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    I would be interested in a HDTune surface scan of the drive. Is it full of red blocks (failed CRC, sector read error) or green blocks?

    I have a pair of refurb OCZ 240GB Vertex Plus R2 drives, and I had one in a Foxconn NanoPC, and due to the high ambient temps in that device, the NAND started failing and corrupted.

    I would get increasing amounts of red sectors on the surface scan. Eventually, the increasing bad sectors ate some of my system files and the OS wouldn't boot.

    However, I was able to revive it via a Secure Erase. It lasted about a month before it failed again in the same way.

    I have since secure-erased it again, and it has been doing fine in a much cooler ATX desktop case with decent fans.
     
  10. no.human.being

    no.human.being Junior Member

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    [​IMG]

    [​IMG]

    Looks good eh?

    Now what I did after that was connect the drive to my server for testing purposes, to make sure that it's not the notebook's fault.

    I disconnected all other drives from the server and booted a Live Linux from USB, then used "dd" to completely fill it with random data (from "/dev/urandom" in 512 kiB blocks), which took about 3 hours and a bit.

    What I recognized immediately was that, after this, the SSD was recognized by the server as a very "weird device".

    When you "invert" every 2-byte-sequence (the controller seems to be some 16-bit processor which got the endianness wrong here) you get the following.

    Now that looks a lot like "controller error", eh? Looks like the controller's grabbing some data that's intended for something else and sending that out as the model and serial number. Also note that the drive does not respond to any SMART requests.

    However, wherever you read from the device, you'd get random values, not zeroes, so it looks like everything got actually stored in NAND. (180 GB of random values cannot possibly be cached.) When reading from different offsets, you got different numbers. When reading from the same offset again after reading different offsets, you got the same numbers as when you were reading from that offset for the first time.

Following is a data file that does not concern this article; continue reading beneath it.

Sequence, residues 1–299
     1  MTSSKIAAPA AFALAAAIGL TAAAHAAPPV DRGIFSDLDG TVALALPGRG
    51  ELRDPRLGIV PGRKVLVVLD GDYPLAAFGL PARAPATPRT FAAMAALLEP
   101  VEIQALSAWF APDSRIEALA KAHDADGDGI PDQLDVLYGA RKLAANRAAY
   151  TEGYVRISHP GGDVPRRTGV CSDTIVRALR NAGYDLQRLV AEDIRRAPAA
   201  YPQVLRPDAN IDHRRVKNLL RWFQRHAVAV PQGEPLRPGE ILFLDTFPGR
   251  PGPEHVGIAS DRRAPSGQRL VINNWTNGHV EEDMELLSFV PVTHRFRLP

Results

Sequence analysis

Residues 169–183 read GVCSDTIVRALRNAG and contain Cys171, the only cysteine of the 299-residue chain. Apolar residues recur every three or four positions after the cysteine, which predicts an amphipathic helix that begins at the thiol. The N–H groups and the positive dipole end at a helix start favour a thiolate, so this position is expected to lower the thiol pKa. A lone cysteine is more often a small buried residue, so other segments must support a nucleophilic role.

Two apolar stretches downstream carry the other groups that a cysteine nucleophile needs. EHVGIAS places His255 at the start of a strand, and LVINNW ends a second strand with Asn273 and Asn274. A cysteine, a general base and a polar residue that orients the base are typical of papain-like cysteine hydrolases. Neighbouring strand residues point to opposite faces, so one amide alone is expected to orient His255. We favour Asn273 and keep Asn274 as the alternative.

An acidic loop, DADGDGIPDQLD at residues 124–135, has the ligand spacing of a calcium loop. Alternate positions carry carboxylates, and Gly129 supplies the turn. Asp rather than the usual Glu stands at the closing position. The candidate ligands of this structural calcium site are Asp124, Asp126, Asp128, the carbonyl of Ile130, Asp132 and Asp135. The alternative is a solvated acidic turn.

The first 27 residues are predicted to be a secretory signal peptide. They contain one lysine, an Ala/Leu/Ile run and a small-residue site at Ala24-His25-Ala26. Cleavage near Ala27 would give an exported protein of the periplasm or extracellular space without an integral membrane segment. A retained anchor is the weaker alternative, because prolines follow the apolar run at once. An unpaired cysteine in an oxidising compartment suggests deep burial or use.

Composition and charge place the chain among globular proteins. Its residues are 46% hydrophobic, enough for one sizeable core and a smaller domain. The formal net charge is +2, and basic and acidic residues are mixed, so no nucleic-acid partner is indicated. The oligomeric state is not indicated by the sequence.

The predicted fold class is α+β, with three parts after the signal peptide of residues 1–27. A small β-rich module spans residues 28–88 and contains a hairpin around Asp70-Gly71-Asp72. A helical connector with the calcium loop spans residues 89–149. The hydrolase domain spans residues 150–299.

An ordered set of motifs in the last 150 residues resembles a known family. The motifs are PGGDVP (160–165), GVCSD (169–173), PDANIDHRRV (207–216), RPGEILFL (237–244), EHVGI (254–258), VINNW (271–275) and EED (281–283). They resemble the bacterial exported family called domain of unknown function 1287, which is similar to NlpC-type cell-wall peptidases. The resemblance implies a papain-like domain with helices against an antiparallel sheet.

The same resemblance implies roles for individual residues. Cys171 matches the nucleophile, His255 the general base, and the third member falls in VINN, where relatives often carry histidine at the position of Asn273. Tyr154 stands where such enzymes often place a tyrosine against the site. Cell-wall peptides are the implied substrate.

Then I powered my server down, left it off for a minute or so, then booted it back up and looked at the drive. Still got the same numbers. So seems like everything's stored. After the reboot, that "bad identification" crap was also gone.

    I'm gonna leave the drive alone (and unpowered) now for some time and check again later if it still contains valid data.

    If it does, I'm gonna put it in my notebook, boot a live system there and check if it still contains valid data. If it's zeroed afterwards, then my notebook's probably doing some weird sh*t (for some reason ATA-erasing or TRIM-ming the entire drive on every boot).
     
    #9 no.human.being, Sep 13, 2014
    Last edited: Sep 13, 2014
  11. AdamK47

    AdamK47 Lifer

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    False
     
  12. no.human.being

    no.human.being Junior Member

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    Put it back into the notebook, still everything stored. Plus device name and serial number are back to "normal" and SMART is working again.

    Seems like the drive "works" now, but since it's that unreliable, replacing it is probably the right option. I probably shouldn't even bother installing an OS on it.

    EDIT: ... or not. Can't even format the drive to Ext4.
     
    #11 no.human.being, Sep 14, 2014
    Last edited: Sep 14, 2014